It is suggested to explore the establishment of a unified urban-rural medical security system for the elderly without increasing the financial burden on enterprises and individuals by maintaining the current funding standards.

1. Strengthen Overall Coordination: Enhance coordination based on the pooled funds of employee medical insurance and fiscal subsidies for urban and rural residents’ medical assistance, guiding more public resources towards basic medical care and care services for the elderly.

2. Coverage of Basic Medical Insurance for the Elderly: This should cover the cost of generic drugs and standard treatment medications for general outpatient and chronic disease treatments for the elderly over 65 years old, expenses for general wards and related costs for inpatient treatments, and home care costs for disabled elderly individuals.

3. Establish Supplemental [Non-governmental] Commercial Medical Insurance for the Elderly: This insurance, to be voluntarily paid by individuals, would cater to multi-level medical needs beyond the basic medical insurance for those over 65 years old.

Zhang Shoukuan, Vice Chairman of Yunnan Provincial Committee of CPPCC

Improve the Financing and Benefit Adjustment Mechanism of Basic Medical Insurance

As the basic medical security policies continue to be deeply implemented, the national urban and rural residents’ basic medical insurance system is operating smoothly. However, the annual increase in individuals’ payment has led to increasing difficulty in fund-raising and collection pressure, impacting the safety and sustainability of the fund. Therefore, the following suggestions are made:

1. Establish a Coordinated Financing Mechanism to Stabilise Urban and Rural Residents’ Participation in Insurance: Personal contributions from urban and rural residents should not necessarily increase in tandem with fiscal subsidies. Instead, provinces and cities should reasonably determine personal payment standards based on their level of economic and social development and capacity, ensuring compliance with the national basic medical insurance benefit list and maintaining overall growth in funding levels without a “one-size-fits-all” approach.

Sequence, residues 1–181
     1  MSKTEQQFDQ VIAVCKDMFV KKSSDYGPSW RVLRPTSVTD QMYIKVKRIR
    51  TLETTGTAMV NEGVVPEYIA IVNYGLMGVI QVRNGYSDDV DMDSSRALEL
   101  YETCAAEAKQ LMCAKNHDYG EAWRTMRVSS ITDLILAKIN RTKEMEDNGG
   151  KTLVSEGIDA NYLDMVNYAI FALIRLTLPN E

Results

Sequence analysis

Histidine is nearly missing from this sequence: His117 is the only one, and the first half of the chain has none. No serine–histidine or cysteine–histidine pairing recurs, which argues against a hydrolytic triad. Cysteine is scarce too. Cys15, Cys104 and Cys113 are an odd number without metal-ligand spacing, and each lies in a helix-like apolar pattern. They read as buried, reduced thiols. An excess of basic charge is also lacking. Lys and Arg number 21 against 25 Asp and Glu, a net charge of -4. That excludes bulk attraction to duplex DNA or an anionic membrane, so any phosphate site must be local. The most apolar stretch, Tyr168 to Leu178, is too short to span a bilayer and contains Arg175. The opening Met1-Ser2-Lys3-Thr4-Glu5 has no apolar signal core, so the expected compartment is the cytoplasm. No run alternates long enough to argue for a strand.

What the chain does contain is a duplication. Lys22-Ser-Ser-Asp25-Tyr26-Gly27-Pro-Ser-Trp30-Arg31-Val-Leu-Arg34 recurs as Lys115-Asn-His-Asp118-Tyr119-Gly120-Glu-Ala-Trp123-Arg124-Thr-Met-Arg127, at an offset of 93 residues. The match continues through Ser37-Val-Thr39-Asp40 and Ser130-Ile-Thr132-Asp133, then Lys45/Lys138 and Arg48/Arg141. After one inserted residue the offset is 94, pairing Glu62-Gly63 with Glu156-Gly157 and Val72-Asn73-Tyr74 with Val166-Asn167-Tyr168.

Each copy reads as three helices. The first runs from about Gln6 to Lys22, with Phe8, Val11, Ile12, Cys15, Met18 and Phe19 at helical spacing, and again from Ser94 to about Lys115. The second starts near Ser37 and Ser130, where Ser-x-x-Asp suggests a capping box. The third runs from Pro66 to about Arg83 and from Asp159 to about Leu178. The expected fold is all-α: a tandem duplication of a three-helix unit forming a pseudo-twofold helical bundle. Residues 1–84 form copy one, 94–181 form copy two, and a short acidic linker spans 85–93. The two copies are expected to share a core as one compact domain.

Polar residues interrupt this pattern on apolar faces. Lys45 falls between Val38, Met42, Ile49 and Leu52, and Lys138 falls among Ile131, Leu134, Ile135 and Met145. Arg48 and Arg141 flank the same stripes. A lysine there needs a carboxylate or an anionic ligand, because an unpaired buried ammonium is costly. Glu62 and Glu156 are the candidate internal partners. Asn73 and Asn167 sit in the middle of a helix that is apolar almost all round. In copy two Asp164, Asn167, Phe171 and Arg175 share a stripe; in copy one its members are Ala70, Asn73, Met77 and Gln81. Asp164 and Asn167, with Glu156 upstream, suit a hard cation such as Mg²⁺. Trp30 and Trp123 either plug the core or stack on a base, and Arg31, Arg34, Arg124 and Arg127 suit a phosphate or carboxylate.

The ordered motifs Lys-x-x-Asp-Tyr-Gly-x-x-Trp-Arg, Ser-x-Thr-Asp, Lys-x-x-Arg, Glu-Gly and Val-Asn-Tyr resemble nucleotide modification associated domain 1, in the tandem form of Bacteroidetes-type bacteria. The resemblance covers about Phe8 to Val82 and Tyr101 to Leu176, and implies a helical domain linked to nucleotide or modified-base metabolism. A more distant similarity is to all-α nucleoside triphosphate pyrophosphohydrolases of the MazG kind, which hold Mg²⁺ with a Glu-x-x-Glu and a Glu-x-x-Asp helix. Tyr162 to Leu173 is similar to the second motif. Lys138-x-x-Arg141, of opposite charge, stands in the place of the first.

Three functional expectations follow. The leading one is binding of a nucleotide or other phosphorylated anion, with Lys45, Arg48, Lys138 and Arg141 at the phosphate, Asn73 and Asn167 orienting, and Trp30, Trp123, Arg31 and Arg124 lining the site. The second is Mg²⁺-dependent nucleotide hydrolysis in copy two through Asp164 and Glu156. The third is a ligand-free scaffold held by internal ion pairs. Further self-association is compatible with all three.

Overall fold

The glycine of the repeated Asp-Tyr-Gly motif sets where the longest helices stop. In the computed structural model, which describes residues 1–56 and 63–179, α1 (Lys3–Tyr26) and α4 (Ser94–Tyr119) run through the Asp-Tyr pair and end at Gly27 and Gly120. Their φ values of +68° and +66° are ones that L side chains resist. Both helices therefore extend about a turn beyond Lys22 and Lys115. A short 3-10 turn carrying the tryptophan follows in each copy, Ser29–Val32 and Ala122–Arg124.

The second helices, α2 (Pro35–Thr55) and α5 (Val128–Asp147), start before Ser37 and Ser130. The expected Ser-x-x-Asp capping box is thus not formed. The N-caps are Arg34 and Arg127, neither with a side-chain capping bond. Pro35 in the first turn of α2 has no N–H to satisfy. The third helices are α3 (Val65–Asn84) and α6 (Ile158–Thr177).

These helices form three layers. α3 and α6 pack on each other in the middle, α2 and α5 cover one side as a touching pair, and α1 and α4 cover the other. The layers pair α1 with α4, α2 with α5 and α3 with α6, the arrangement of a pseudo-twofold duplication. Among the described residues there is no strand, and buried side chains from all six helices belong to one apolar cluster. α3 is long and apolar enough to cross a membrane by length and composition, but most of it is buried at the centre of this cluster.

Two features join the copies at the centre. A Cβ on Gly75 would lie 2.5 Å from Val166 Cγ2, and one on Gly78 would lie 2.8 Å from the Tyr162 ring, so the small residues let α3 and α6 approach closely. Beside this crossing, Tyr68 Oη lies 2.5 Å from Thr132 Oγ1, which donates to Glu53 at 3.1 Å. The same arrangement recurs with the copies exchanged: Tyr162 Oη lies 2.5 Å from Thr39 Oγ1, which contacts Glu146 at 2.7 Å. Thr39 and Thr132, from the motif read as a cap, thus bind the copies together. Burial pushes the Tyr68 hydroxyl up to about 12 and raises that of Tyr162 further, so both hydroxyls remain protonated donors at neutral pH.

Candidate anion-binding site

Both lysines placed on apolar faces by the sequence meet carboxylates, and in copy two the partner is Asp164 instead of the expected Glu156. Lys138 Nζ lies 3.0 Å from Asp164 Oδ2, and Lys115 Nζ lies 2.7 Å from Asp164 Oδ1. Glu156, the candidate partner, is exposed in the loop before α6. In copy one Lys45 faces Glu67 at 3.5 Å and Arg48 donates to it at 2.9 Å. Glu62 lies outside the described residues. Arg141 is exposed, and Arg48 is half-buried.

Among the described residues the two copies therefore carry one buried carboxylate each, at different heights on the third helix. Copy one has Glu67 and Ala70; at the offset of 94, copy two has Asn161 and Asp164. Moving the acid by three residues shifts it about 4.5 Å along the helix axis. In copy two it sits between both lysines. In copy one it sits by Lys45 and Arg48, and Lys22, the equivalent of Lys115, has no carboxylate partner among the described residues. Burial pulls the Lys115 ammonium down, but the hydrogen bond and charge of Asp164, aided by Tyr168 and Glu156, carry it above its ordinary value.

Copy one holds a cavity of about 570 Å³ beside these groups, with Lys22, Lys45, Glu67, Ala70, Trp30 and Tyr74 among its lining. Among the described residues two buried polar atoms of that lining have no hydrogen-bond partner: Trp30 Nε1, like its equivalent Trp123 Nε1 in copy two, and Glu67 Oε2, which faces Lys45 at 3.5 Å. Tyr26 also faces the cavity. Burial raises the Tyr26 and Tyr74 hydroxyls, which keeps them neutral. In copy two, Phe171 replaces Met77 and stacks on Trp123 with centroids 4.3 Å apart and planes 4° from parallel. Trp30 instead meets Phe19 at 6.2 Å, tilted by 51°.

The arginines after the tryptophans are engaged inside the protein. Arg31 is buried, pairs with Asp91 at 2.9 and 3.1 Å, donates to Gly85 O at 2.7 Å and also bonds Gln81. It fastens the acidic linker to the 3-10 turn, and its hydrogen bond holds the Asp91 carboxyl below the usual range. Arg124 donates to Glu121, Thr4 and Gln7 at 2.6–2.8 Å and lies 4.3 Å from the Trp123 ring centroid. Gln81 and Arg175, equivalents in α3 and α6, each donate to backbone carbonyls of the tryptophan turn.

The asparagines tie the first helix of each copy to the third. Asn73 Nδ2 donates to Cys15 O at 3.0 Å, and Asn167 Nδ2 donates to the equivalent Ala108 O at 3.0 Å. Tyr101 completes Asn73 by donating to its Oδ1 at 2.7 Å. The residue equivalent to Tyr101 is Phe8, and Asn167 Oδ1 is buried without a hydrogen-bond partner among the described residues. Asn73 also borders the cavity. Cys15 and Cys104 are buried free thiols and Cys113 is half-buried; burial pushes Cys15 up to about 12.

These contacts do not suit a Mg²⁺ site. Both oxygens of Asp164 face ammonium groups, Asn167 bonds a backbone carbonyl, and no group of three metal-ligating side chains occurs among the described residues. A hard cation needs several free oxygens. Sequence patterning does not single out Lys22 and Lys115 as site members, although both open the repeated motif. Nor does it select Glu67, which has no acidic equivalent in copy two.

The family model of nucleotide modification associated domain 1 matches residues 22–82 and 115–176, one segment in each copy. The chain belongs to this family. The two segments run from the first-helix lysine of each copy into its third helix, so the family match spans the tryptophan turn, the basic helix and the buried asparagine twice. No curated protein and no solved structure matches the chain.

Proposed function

2. Incentives for Continuous Insurers: Develop corresponding incentive measures for urban and rural residents who maintain long-term stable insurance participation and differentiate their contributions and benefits from those who do not.

3. Establish Family Accounts for Basic Medical Insurance for Urban and Rural Residents: Use families as the unit for insurance contributions, creating family accounts within the basic medical insurance system. A portion of the residents’ own insurance payments (such as about 50% of personal contributions) can be accumulated in these family accounts, managed and used similarly to employee medical insurance. The family account balance can be used for outpatient payments and the next year’s medical insurance payments, shared among family members. To avoid large surpluses in family account funds, the system can be designed to use family account funds first, followed by proportionate reimbursement from the pooled fund.

4. Enhance the Guiding Role of Medical Insurance Policies in Promoting the Coordination of medical services, medical insurance, and the medicine industry (known as “Three Medicines” in China). Clarify the concept of “Three Medicines” for coordinated development and governance with the goal of health protection and promotion. Strengthen inter-governmental departmental coordination, especially between the medical insurance and governmental department in health, enhance the capacity of primary healthcare providers, and reasonably adjust the general outpatient benefits for urban and rural residents. Continue to use surplus medical insurance funds to actively and steadily advance the adjustment of medical service prices and expand the coverage of basic medical insurance, ensuring that doctors provide services based on clinical needs and basic medical insurance provides coverage based on insured people’s needs, fully reflecting the technical value of medical service providers and the labor value of medical professionals. Fully leverage the guiding role of medical insurance policies to stimulate the reform of the “Three Medicines” linkage, transitioning hospitals’ revenue models from primarily service-based charges to primarily medical insurance composite payment models, and shifting profit models from mainly “more revenue, more profit” to primarily “reasonable diagnosis, reasonable savings for profit,” promoting the return of medical providers and medical services to the public welfare to meet the health needs of the people.

 

Republished from Pekingnology Substack, June 09, 2024